The Star Trek emotion chip: carbon dioxide in bilateral amygdala damage

In the 1994 Star Trek film Star Trek Generations, the android Data, an intelligent ship's officer who had been deliberately constructed lacking common human emotions, is provided with an "emotion chip" to supplement his cognition with emotional reactions. To his dismay, the emotion chip causes him to feel so much fear during a firefight that his best friend Geordi is taken hostage as he cowers in a corner.

Can life have imitated art once again?

In this month's Nature Neuroscience, Feinstein et al studied three patients with the rare mixed skin and temporal lobe degeneration affliction referred to as Urbach-Wiethe disease. Persons with this condition lose the tissue in the paired brain structures of the amygdala, and as a result are incapable of feeling the ordinary fear persons have in potentially dangerous social circumstances. Surprisingly, the researches found that they were quite susceptible to extreme fear (to the point of panic attack) when exposed to higher than normal carbon dioxide concentrations, which normally induce only a slight feeling of suffocation. This suggests that the amygdala is important for avoiding environmental and social dangers, but that the amygdala is not needed to feel fear itself, since the patients certainly felt fear when confronted with one of the body's internal danger signals.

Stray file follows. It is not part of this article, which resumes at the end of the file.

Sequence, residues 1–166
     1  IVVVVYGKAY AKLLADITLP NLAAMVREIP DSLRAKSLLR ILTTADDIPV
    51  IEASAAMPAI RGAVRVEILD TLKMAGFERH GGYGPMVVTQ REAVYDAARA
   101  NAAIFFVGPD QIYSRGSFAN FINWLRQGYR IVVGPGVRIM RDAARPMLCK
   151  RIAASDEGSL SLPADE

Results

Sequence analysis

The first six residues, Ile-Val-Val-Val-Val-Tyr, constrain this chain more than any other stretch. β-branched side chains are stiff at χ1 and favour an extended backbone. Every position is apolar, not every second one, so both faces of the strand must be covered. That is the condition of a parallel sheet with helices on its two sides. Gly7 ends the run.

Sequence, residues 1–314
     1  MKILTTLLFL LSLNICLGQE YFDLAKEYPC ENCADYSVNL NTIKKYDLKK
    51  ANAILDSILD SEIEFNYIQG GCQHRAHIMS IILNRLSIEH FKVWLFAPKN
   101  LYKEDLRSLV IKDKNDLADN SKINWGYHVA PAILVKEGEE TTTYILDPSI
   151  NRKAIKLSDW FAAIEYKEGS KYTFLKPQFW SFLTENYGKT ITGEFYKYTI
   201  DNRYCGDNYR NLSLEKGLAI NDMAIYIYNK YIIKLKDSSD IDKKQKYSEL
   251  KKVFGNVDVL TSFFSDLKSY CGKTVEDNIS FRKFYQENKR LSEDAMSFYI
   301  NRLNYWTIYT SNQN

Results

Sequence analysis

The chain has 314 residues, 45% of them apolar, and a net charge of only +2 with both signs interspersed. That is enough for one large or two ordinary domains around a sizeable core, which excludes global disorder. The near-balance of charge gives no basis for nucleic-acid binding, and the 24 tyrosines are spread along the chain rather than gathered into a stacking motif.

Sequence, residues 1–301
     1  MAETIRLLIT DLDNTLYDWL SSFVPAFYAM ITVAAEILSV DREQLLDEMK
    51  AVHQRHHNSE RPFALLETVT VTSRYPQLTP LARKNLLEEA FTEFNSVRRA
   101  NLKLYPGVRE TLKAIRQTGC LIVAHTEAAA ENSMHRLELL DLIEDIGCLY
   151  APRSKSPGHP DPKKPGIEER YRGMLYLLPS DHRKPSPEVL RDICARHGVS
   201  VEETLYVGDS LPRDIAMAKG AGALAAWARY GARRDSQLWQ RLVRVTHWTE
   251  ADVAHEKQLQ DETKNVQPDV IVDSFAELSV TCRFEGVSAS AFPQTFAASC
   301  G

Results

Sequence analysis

How is this like Commander Data's fictional predicament? Could it be that our tolerance of fear is improved by exposure to frequent low intensity stressors such as those associated with mild situational anxiety, and neither Data nor the patients were fear tolerant when they were confronted with fear as a novelty?

So, does tolerance eventually develop to CO2 inhalation in Urbach-Wiethe disease, one wonders?

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